Rohingyas in Malaysia


File picture shows a view of a Rohingya settlement in Bandar Baru Sentul, Kuala Lumpur June 13, 2021. — Malay Mail photo

THE Unity Government of Malaysia has been very active in terms of foreign relations, as exemplified by the Prime Minister Datuk Seri Anwar Ibrahim. He has met with the heads of state of the Republic of Indonesia, the Sultanate of Brunei Darussalam, the Republic of Singapore, the Kingdom of Thailand and Turkey.

Making new friends or renewing personal friendships, and maintaining rapport with each one of them, all a smart move indeed – all for the good of Malaysia.

Maintaining cordial foreign relations with as many countries as possible is crucial to this nation, if Malaysian leaders and diplomats wish to play a meaningful role in the international arena. It does us no harm if we continue to pursue the national policy of ‘friend to all, enemy of none’.

New image building

However, in our effort to improve our country’s international image, we must be seen to have our own stance with respect to certain issues, while actively participating in the campaign for the adoption of the 5-Point Peace Plan for Myanmar initiated by Asean as a group two years ago.

Policy on asylum seekers

One issue at hand is the presence of a large number of Rohingyas in Malaysia. What do we do with them?

The Borneo Post of Feb 7, 2023, quoting Bernama, reported the Communications and Digital Minister Fahmi Fadzil as having said that the ‘Rohingya refugees in Malaysia have become an issue as their numbers have swelled to hundreds of thousands’.

The minister has suggested that the media practitioners need to discuss regional issues including the presence of the Rohingyas.

Taking the cue from this statement, I would confine myself to referring to those Rohingyas who had fled the Myanmar’s Rakhine State to Malaysia several years ago. These people had been ill- treated by their own government there.

Under the United Nations (UN) Refugee Convention 1951 and its Protocol of 1967, these people would have been registered as refugees, but Malaysia is not obliged to register them as such, with the privilege of employment and education for their children.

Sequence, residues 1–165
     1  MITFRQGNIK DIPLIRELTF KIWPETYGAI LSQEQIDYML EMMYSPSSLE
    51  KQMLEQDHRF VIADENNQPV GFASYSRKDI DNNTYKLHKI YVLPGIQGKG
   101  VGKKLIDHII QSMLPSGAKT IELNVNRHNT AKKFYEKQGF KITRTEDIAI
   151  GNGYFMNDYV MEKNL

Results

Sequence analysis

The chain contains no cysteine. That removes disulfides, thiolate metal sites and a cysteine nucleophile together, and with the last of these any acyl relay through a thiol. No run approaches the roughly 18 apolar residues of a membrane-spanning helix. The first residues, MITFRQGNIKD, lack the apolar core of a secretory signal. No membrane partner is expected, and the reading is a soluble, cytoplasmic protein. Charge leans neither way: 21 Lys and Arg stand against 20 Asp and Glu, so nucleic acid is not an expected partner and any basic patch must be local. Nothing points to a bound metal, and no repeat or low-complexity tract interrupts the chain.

Why? Because Malaysia is not a signatory to the UN Refugee Convention. In other words, technically, these Rohingyas are illegal immigrants cum asylum seekers, awaiting transfer to a third country. Malaysia is temporarily hosting and protecting them on humanitarian grounds.

Every day, everybody is scanning the world map to see if some other country out there is able and willing to offer these unfortunate souls a permanent place to live and to survive.

So far, however, no third country, not even any in the Middle East, has come forward to offer an alternative home for any of them.

Alternative strategy

Until then, Malaysia is left with holding the baby, a real problem on our hands which must be solved sooner rather than later. How long can this country sustain the responsibility of protecting a large number of people whom a fellow member of Asean has not even accepted as its citizens?

Malaysia and Myanmar must be proactive – to be lateral in their thinking, if necessary. And the other Asean countries must see this as one of the means by which to achieve the objective of bringing peace to Myanmar.

Within this framework, Malaysia should initiate a direct initiative on its own. This involves cementing much closer relations than it is now with the junta holding power in Myanmar, like it or not.